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We fear failure. And although we may feel as if failure is the end of the road, it can be the beginning of a new path. Or at least it can help us continue our journey in a smarter way. We mistakenly believe today's failure determines tomorrow's destiny. This is categorically false.
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Some of history's greatest men and women have overcome failure to create great things. Take, for instance:
- Socrates - Labeled "an immoral corrupter of youth."
- Sir Isaac Newton - Failed miserably at running the family farm.
- Winston Churchill - Struggled in school and failed 6th grade.
- Abraham Lincoln - Went to war as a captain and returned a private, failed at numerous business ventures and was defeated numerous times while running for public office.
- Walt Disney - Fired by a newspaper editor because, "he lacked imagination and had no good ideas." He also failed at a number of business ventures and went bankrupt.
- Thomas Edison - Told by his grade school teacher that he was "too stupid to learn anything."
- Albert Einstein - Because he didn't speak until age 4 and didn't read until age 7, his teachers and parents considered him mentally handicapped. He was expelled from school and was refused admittance to Zurich Polytechnic.
- Vincent Van Gogh - During his lifetime, he sold only one painting... and that was to a friend (and only for a small amount of money).
- Michael Jordan - Cut from his high school basketball team.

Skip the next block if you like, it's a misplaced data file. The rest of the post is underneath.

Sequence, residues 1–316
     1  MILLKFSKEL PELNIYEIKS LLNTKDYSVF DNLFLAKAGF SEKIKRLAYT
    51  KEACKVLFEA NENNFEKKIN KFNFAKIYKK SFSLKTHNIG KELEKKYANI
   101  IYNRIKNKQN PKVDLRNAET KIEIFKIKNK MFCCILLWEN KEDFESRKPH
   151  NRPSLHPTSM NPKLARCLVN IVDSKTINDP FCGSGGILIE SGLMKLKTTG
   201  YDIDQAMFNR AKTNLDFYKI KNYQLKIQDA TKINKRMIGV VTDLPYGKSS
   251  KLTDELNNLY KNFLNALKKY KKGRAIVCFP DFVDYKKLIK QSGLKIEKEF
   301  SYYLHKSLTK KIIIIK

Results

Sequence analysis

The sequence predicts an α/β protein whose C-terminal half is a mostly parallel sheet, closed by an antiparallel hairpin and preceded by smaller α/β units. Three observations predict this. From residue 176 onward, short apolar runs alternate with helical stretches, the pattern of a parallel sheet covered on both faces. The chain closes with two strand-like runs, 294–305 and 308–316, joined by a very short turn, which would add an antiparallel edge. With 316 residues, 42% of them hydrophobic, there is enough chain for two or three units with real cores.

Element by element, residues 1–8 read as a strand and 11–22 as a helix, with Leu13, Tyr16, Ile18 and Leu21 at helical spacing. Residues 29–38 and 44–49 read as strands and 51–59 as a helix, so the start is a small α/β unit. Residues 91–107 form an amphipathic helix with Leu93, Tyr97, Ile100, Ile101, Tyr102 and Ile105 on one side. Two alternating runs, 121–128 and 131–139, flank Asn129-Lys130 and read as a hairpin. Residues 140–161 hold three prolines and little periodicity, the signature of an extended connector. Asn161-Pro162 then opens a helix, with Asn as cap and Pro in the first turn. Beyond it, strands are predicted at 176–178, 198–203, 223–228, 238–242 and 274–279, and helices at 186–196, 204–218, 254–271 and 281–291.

What's the worst that can happen if you fail? So you have to start over... so you have to admit you aren't perfect... so you are disappointed... so what?!?! A failure is not a life sentence. It's just a normal part of the growth process.
Failure doesn't have the ability to control our destiny unless we allow it to do so. It is not all-powerful. Remember the scene in The Wizard of Oz where Dorothy first discovers the true identity of the Wizard? They find out he's really nothing but smoke and mirrors (and a deep, booming, scary voice) behind a large curtain. The reality is an entirely different thing.
We have to remember that as long as Jesus is alive there is hope! Most failures are neither final nor fatal. And if we choose to learn from them, they aren't futile either. Winston Churchill famously said, "Success is going from failure to failure with no loss of enthusiasm."
How do we learn from failures? By analyzing them. We have to train ourselves to become more self-aware. We have to ask ourselves some hard questions:
- What really happened? (Try to separate the emotion/drama from the event and analyze what actually occurred.)
- Why did it happen? (Look for causes, both the obvious ones and the ones that may be harder to discover... prayer will help with this one.)
- What was my part in the failure? (Many of the failures we experience aren't entirely our fault, although, for the most part they are self-inflicted.)
- What did I do to make the problem worse? (How did my actions/reactions escalate the emotion/intensity of the situation.)
- What could/should I have done differently? (This one may take some time to process. You may need to ask someone else that knows you well to help with this.)
- What principles can I learn from this? (If we fail to learn from the past we're doomed to repeat it. When all is said and done, this is the step that is the difference maker.)
Now that you've analyzed everything, take a moment to pray and ask God to help you apply what you've learned through this introspection process. You may find, like I often do, that the answers are revealed over time. I was telling my son how I discovered a new principle about an event that happened three years ago. He said I should let it all go. I explained that I'm always wanting to learn from the past, so I'm thankful when God shows me something. I'm not living in the past, just making sure I learn from it!
For further study on this subject Failing Forward by John Maxwell is an exceptional book!
What questions would you add to this list? Join the discussion below.